Prince Edward Island Trip Reports

September 2007
P & Family

This is a 19th Century house converted to a B&B that was built and furnished in that sort of late Victorian dark and heavy style. The exterior of the place, for unknown reasons, has some of the windows boarded up. It sits on a relatively large piece of urban land that, perhaps because it is not fenced in or otherwise integrated with the B&B, doesn’t seem useable.

Our room at the back was, you might suspect, dark and heavy. It was relatively hot in Charlottetown for the two days we were there but much hotter in the room and so we appreciated the interior air conditioning unit that rolled around on casters and vented to one of the windows via a long and snaky hvac flexible hose – this is not to say it produced great cooling, but only that it produced some and was better than nothing. All of the lighting in the room seemed to be low watt and virtually no natural light came through the windows. There was a fireplace that we obviously didn’t need. The bathroom was renovated, relatively large and quite nice.

When we arrived, we inquired about a babysitter for our 8 month old. While the manager had a helpful and pleasant attitude, she was entirely clueless about such things and didn’t even have any suggestions about whom we could call for references. Using the available Internet set-up upstairs, my wife determined that the biggest hotel in town (Delta) offered babysitting and, courtesy of Michele in Housekeeping at the Delta, we scored a baby sitter for dinner on both nights.

The Fairholm is well-situated for walking around Charlottetown and, except for the occasional motorcycle races down the street at odd hours of the night, it is close enough to the shopping areas, but not too close for the urban noise.

Breakfast (which was quite good) was served in the downstairs parlor room, which does get significant natural light.

I don’t know about the other rooms – some of the ones in the front may have more light- but I would say that this is more of a “cold weather” kind of a place, which would be cozy in the winter in front of the fire. It is not inexpensive and I would not go back in the summer.

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September 2007
P & Family

I first stayed at the Dalvay almost twenty years ago on a motorcycle trip through the Maritimes. I remember it as a comfortable and friendly place offering perhaps a dozen rooms in a somewhat run-down 19th century robber-baron’s white elephant summer house, ideally situated virtually on the miles-long beach in the Provincial Park. The food was forgettable except for the omnipresent PEI spud served up under different names, but looking pretty much the same. The front lawn was impassible because of Canadian goose droppings. The mosquitoes were not too bad.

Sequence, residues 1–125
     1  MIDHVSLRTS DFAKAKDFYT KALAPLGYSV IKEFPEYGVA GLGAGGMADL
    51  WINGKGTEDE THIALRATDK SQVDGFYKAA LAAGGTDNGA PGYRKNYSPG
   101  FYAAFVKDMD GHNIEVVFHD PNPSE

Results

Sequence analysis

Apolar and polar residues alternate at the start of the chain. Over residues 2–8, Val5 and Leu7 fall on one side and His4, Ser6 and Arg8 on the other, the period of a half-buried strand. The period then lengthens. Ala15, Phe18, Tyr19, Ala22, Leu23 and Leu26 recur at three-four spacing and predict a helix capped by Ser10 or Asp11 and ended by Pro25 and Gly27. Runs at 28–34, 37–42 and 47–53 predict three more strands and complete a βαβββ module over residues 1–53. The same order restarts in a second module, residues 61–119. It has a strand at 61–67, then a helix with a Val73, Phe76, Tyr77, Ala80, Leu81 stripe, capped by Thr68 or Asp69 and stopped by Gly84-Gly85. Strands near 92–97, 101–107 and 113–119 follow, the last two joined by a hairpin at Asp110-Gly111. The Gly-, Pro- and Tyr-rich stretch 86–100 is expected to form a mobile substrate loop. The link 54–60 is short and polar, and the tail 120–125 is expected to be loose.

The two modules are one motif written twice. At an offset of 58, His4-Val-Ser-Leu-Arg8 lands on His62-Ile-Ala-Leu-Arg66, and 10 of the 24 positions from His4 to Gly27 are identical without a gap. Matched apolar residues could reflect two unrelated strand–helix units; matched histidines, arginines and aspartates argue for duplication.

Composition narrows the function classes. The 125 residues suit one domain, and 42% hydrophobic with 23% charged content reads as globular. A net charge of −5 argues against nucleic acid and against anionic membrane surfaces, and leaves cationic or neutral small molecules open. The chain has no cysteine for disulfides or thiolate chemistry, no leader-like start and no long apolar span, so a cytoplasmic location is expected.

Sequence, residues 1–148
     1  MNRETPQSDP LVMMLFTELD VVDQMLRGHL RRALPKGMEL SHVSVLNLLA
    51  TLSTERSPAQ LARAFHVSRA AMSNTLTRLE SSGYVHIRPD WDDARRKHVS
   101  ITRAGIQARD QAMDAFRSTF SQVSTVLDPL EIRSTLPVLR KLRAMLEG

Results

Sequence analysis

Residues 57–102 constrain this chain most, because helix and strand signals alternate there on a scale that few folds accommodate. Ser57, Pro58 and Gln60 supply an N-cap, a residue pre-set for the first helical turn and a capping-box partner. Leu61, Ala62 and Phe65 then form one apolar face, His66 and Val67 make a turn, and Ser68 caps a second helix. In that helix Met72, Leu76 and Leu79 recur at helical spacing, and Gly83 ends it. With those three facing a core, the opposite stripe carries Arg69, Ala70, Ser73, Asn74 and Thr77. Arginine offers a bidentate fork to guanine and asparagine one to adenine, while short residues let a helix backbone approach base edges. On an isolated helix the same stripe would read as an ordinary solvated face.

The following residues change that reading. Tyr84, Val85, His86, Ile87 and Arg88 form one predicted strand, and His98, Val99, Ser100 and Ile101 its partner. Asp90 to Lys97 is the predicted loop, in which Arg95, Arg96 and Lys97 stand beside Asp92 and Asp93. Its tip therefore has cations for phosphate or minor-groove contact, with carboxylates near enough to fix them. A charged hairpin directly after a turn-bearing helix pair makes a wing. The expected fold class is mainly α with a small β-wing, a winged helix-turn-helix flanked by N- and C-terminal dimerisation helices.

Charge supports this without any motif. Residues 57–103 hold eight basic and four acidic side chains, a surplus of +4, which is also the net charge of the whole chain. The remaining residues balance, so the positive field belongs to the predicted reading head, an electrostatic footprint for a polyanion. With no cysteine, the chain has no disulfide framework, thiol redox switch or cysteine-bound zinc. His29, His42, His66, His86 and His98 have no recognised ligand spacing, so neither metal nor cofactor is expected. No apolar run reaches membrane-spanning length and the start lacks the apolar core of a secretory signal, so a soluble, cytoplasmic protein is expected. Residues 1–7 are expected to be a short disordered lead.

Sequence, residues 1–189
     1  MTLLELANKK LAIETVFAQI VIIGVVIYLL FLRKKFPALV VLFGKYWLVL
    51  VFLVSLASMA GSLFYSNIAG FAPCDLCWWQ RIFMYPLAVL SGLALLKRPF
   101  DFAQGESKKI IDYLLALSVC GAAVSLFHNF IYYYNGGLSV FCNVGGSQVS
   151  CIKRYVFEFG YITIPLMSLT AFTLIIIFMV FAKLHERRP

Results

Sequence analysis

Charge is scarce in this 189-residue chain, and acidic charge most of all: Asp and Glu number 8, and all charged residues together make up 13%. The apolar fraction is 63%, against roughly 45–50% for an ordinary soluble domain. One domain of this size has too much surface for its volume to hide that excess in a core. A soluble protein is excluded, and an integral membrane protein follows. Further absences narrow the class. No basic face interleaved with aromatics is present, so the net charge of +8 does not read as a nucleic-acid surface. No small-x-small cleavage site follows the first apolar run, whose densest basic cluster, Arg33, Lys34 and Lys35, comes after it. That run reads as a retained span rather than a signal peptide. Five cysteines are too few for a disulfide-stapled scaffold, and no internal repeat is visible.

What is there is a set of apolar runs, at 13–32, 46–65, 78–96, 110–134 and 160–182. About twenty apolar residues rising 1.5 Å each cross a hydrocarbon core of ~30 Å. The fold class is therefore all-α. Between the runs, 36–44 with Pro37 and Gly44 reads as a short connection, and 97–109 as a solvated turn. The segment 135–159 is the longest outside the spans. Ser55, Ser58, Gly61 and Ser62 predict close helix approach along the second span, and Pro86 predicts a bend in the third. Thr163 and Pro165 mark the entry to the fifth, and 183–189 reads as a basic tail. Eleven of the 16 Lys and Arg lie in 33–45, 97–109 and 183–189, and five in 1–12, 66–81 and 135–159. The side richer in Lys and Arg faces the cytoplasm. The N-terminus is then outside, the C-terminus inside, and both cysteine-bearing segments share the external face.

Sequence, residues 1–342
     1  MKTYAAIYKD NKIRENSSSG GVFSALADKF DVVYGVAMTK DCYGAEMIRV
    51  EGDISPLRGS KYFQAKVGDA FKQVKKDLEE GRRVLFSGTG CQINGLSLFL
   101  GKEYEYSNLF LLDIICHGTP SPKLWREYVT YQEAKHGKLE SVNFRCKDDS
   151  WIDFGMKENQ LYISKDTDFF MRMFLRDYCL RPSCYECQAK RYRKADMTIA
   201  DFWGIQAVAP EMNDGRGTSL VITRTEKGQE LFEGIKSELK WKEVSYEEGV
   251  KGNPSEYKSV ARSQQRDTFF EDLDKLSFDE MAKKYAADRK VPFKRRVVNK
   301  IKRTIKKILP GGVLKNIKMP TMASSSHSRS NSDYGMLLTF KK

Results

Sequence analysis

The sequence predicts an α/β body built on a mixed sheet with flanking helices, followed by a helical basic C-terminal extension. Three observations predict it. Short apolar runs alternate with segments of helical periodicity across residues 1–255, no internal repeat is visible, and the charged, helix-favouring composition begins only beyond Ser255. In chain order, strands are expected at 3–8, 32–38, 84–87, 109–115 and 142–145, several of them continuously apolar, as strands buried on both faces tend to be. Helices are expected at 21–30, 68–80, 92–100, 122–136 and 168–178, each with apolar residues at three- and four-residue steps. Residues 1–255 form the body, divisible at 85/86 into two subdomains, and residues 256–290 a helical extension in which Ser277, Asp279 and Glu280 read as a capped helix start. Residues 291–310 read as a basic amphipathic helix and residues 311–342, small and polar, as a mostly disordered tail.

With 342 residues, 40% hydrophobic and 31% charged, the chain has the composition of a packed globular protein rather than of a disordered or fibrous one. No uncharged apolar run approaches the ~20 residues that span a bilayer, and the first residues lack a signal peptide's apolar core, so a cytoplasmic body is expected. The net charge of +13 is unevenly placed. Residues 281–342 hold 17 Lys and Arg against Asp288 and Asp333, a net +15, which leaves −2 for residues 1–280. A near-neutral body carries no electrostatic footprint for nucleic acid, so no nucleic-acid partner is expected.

Things have changed dramatically. This time, my wife, baby and I stayed in one of the pleasantly appointed three bedroom cottages that was a stone’s throw from the main house. The decor was natural wood rustic and we like that. The furnishings were not fancy but tasteful and functional. There is no AC (we could have used it one of the days), but you can get by on a hot day with a fan. There is plenty of room to move around in that space.

The dining experience is now fine restaurant quality – no more spuds, spuds, spuds – and, with some rare exceptions, well done and well presented. You really can’t go wrong with anything on the menu. The wine list is pretty good, too.

The staff is still friendly and far more competent than the old days. Babysitting can be arranged at reasonable cost. They let you do laundry, too, which is somewhat critical if you are on the road for a while. And you can sit out on the front lawn watching the sunset in an Adirondack chair without tiptoeing around the goose droppings – they apparently have a canine goose patrol system that works.

The beach is still as beautiful as ever and, in late August/early September, virtually deserted. All of the North Shore towns and sights are within an easy and scenic drive.

The mosquitos are still there, so bring your spray.

We did not rent bicycles, play croquet or avail ourselves of other amenities in the two days we stayed.

All of this comes for a pretty penny MAP for the cottages (I don’t know what the individual rooms are like these days) but the Dalvay is a thoroughly delightful, stress-reducing and mellow place.

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